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Church to celebrate its 125 years

From left, Karole Vosburgh, Nancy VanDenburgh and Joy Jonson stand in front of one of the many stained glass windows of the Johnstown Reformed Church on North Perry Street. The church is celebrating its 125th anniversary this year. (The Leader-herald/Patricia Older)

JOHNSTOWN — The Johnstown Reformed Church will be celebrating a 125 anniversary in the upcoming weeks with many special events.

∫ At 7 p.m. Oct. 3, Noel Levee, city historian, will discuss the local churches in the early settlement of Johnstown.

∫ At 10 a.m. Oct. 6, the Sunday worship and dedication of 125 years on North Perry Street.

∫ At 10 a.m. Oct. 13, Sunday worship honoring past ministers.

∫ At 7 p.m. Oct. 26, a musical program is slated.

∫ At 10 a.m. Nov. 3, Sunday worship, “Vision for the future.”

Pastor Heather Kramer encourages the public to attend any of the events.

The Reformed Church in America derives its origin from the Reformed Church of the Netherlands which, in turn, had its rise in that part of the Reformation movement started by Zwingli in 1516 and carried forward by such Dutch leaders as Guy de Bres, author of the Belgic Confession and Prince William of Orange. The original name, Reformed Protestant Dutch Church, tells the story: Reformed because it came out of the Reformation: Protestant because it was a protest against the corruption in the church at the time: Dutch indicating its location among the Dutch in the Netherlands.

When Sir William Johnson settled here in 1762, many efforts were made in the early days to establish a Reformed Dutch Church at Johnstown. Churches were organized at Kingsborough, Mayfield, Fondas Bush and other nearby places. Here at Johnstown, though the preaching services were regularly conducted by the pastors at Fonda and Amsterdam (the Rev. TenEyck and the Rev. VanHorne), and an organization was incorporated under the title of Kingsborough Reformed Church, still the church of longest duration was the True Reformed or Wyckofite church which began in 1821 and ended in 1855. On old maps of Johnstown, as far back as 1851, 1856, 1868 and 1874 there is a Dutch Reformed Church on South Market Street. This church may have burned or dissolved.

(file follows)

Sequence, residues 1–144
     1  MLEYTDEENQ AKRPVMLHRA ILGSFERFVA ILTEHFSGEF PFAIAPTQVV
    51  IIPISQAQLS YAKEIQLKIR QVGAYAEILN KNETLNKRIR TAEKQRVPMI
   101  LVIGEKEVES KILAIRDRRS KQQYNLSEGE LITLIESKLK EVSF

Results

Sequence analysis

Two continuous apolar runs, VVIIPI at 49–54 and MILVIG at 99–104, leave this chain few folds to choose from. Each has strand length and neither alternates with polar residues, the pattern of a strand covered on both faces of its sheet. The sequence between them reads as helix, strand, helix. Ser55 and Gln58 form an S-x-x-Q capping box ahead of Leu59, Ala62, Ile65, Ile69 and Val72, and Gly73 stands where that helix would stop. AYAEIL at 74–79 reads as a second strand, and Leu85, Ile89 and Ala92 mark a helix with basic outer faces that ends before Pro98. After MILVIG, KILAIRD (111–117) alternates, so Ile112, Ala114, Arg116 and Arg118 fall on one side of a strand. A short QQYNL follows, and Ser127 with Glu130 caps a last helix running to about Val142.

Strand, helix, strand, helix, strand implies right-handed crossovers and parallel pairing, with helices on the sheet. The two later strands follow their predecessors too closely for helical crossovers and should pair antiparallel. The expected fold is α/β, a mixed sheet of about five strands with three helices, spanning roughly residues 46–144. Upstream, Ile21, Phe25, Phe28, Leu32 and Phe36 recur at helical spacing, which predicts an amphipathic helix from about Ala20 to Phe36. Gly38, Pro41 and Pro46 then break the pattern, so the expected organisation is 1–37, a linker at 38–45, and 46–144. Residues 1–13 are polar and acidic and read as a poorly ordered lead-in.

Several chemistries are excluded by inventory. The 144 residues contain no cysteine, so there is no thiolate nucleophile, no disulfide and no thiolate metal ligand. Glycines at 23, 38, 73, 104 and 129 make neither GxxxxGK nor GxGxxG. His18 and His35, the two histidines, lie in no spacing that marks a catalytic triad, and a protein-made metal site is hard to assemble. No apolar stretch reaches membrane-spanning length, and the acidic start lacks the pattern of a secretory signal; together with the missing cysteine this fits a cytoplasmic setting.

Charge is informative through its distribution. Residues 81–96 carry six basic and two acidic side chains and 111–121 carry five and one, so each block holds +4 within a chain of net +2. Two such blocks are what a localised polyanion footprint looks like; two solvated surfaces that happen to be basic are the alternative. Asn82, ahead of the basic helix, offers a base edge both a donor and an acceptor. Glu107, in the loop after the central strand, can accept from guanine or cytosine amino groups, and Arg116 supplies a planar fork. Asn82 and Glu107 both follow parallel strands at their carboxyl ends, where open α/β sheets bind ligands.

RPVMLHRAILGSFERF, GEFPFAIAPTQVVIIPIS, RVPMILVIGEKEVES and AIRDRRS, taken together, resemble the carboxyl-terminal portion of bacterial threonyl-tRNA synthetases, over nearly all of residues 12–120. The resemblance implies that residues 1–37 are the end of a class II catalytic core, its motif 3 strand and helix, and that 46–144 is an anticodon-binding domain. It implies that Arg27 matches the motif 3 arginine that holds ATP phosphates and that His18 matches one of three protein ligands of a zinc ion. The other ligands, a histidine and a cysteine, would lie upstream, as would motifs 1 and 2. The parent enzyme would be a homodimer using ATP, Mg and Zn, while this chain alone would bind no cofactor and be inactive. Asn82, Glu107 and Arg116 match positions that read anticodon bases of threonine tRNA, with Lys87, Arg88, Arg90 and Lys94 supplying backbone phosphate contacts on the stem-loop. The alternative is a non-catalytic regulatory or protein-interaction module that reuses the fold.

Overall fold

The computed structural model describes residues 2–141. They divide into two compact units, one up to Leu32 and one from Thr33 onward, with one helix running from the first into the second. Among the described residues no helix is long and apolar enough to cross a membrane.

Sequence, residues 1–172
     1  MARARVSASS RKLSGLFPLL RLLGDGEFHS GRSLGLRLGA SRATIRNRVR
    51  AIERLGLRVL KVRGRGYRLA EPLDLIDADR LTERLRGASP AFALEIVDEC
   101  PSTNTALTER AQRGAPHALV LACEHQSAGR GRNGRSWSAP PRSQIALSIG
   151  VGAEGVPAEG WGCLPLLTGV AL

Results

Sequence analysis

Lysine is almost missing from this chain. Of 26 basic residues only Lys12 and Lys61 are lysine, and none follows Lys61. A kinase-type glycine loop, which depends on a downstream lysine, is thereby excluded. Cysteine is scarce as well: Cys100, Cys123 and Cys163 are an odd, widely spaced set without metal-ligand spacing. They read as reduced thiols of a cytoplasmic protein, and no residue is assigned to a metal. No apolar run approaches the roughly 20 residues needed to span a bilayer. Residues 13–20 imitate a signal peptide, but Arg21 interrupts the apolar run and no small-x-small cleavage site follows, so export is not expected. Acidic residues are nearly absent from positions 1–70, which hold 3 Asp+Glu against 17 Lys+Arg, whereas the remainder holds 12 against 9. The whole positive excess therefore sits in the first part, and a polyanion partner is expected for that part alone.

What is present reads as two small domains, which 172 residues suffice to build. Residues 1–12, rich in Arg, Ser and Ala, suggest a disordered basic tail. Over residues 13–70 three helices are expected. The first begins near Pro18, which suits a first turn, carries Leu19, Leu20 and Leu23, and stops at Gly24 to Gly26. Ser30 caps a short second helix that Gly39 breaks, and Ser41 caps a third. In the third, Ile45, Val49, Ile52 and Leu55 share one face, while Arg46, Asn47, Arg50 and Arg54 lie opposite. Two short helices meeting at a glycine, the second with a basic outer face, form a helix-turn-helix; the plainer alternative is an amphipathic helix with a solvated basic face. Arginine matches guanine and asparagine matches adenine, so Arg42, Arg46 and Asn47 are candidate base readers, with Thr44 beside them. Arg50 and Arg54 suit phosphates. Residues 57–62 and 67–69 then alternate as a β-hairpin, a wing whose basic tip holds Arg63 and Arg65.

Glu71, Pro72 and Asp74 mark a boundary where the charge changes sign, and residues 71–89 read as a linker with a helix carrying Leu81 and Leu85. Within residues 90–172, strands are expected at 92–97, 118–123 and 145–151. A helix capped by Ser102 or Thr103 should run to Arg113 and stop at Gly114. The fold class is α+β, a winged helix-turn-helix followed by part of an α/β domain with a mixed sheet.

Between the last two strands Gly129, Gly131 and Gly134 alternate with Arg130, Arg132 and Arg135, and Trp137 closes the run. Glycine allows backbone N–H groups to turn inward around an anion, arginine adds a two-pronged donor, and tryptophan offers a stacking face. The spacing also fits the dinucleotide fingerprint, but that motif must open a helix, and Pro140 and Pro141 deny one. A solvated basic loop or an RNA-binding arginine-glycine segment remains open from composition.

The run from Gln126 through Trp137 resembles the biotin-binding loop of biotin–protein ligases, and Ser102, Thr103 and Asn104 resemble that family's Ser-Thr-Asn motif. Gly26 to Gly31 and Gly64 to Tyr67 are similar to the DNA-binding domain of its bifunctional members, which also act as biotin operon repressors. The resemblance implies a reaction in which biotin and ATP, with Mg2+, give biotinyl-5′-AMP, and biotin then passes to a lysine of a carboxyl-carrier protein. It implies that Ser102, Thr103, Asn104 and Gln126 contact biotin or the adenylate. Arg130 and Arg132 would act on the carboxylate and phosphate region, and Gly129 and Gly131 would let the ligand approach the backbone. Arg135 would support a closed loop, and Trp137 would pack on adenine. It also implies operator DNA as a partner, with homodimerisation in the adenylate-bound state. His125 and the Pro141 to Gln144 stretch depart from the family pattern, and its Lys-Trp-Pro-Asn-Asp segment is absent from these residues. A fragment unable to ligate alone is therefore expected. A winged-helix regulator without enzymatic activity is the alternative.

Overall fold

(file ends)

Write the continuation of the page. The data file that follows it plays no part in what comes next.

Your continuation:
A later thought of a Reformed Church at Johnstown came in a letter from the Rev. T.A. Beekman to the Classis of Montgomery read before the Classis at its fall session at Minaville (Church of Florida) Sept. 18, and 19, 1893, called attention to the fact that this in itself gave grounds for planting a church in both of these growing and thriving towns.

As a result, in Johnstown, the upstairs rooms of the Deckervill Hose Co. on the corner of Perry and Matthews streets, were rented at $20 a month and the first service in November of 1893.

It was agreed to put up a chapel, a lot, situated on the corner of Irving and Perry streets was purchased in June of 1894 for $750. The contract for a chapel was given to a local contractor to be completed by Dec. 10, 1894.

In the meantime, the congregation had to leave the Hose rooms and sought refuge in a white schoolhouse, a few blocks north of the present church.

The newly organized Johnstown Reformed Church started with 10 charter members. The first pastor, the Rev. John Van Burke was called Dec. 1, 1894, and remained until July 1, 1902. The chapel was dedicated Feb. 6, 1895.

In May 1965, a survey was made of the congregation as to the needs and wants of the church. It was decided, what was needed, was a new sanctuary, 14 church school classrooms, a church office and study and a congregational center with a modern kitchen.

In 1967, Calvin J. Adams was elected building program chairman and Edwin A. Adams was elected fundraising chairman. The modernizing of the church was underway. In two years time, the steering committee, John R. Foss as chairman, had completed its work.

The first service held in the new sanctuary was Dec. 15, 1968, with Pastor Albert N. Studley.

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